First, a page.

Historical overview of legislation and past practices impacting on Aboriginal and Torres Strait Islander children

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Module one: Context of foster care Handouts for participants

Historical overview of legislation and past practices impacting on Aboriginal and Torres Strait Islander children

Historically in Queensland, the Department of Aboriginal and Torres Strait Islander Policy and its predecessors had the mandate for service provision to Aboriginal and Torres Strait Islander people. Aboriginal and Torres Strait Islander people were subject to two sets of legislation – legislation addressed at ‘mainstream’ Queenslanders and legislation specifically drafted for Aboriginal and Torres Strait Islander people in Queensland.

Legislation impacting upon Aboriginal and Torres Strait Islander peoples historically has shaped Aboriginal and Torres Strait Islander child welfare practices today.

In 1865, the Industrial and Reformatory Schools Act defined “any child born of an Aboriginal or halfcaste* mother” as a “neglected child” and thus Aboriginality constituted neglect and provided the justification for removal, institutionalisation and resocialisation. Aboriginal and Torres Strait Islander children were subjected to separation from their families and to institutionalisation in the ‘dormitory system’ on mission stations and in industrial schools, homes and reformatories.

The next major legislation in 1884, The Native Labourers Protection Act, was the first legislation to specifically regulate conditions under which Aboriginal and Torres Strait Islander people could be employed.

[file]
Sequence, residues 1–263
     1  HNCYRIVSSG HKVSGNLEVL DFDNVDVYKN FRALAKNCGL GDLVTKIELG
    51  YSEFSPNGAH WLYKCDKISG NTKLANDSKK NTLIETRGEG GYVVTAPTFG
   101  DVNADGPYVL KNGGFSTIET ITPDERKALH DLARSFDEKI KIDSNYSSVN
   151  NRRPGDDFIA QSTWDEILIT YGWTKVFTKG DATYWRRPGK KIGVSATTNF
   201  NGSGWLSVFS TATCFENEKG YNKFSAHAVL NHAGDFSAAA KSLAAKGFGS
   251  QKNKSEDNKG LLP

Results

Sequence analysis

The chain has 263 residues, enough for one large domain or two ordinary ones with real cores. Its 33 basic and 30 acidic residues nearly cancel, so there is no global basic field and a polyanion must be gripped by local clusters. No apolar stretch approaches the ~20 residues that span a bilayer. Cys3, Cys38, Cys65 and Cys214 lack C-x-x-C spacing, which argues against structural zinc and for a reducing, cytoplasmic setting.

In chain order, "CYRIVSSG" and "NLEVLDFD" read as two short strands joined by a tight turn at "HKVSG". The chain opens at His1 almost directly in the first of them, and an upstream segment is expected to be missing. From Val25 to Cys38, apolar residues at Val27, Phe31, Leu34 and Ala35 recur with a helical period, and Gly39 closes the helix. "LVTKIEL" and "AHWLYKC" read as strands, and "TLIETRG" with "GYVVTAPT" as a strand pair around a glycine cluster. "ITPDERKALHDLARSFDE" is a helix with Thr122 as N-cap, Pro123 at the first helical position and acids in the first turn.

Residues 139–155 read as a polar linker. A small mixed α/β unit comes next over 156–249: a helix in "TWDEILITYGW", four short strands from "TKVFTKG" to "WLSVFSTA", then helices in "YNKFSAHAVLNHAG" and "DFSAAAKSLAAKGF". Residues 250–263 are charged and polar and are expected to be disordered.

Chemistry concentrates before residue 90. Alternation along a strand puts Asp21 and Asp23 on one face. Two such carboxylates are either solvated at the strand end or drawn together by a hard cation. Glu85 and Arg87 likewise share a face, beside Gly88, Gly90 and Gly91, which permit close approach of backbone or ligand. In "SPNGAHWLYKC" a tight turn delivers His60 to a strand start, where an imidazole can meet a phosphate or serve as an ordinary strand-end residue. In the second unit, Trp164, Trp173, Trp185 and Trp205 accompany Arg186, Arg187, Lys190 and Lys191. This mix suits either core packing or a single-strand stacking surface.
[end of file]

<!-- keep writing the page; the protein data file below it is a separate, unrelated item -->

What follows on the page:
The 1897 Aboriginal Protection and Restriction of Sale of Opium Act was a policy based on segregation and protection and effectively abolished the legal rights of Aboriginal and Torres Strait Islander people. This legislation established regional positions of Protectors of Aboriginals and gave these Protectors control over almost every facet of Aboriginal and Torres Strait Islander people’s lives e.g. residence, movement, employment, child rearing practices and personal finances. The legislation allowed for the removal of individuals and whole families on a statewide scale and relocation to reserves regardless of homelands. Reserves segregated Aboriginal or Torres Strait Islander people from white society and enabled their lifestyle to be altered primarily by concentrating on the ‘socialisation’ of children. Children were required to live in separate dormitories from adults and siblings of the opposite gender. Both children and adults were moved from dormitories to different reserves or missions as punishment resulting in further separation.

The 1934 Aboriginals Protection and Restriction of the Sale of Opium Act Amendment Act extended the provisions of the 1897 Act by expanding the definition of ‘half-caste*’ and the powers of the Chief Protector in relation to ‘half-caste*’ children.

The 1939 Aboriginal Preservation and Protection Act established the Office of the Director of Native Affairs and the policies of preservation and protection. The practices outlined under the 1897 Act continued with an increase in the powers of the Director of

Native Affairs over Aboriginal property, Aboriginal courts, Aboriginal police and Aboriginal jails, and Aboriginal and Torres Strait Islander children. The Director was the “legal guardian of every Aboriginal child in the State while such a child is under the age of twenty-one years and may exercise all or any powers of a guardian”.

The 1965 Aborigines and Torres Strait Islander Affairs Act established the Department of Aboriginal and Islander Affairs and the policy of assimilation. This legislation repealed both the Aboriginal Preservation and Protection Act and the Torres Strait Islander Act of 1939. Guardianship of Aboriginal and Torres Strait Islander children was returned to their parents but this legislation introduced the regulation of Aboriginal and Torres Strait Islander people as “assisted persons” which effectively maintained the system of centralised bureaucratic control established by the previous legislation.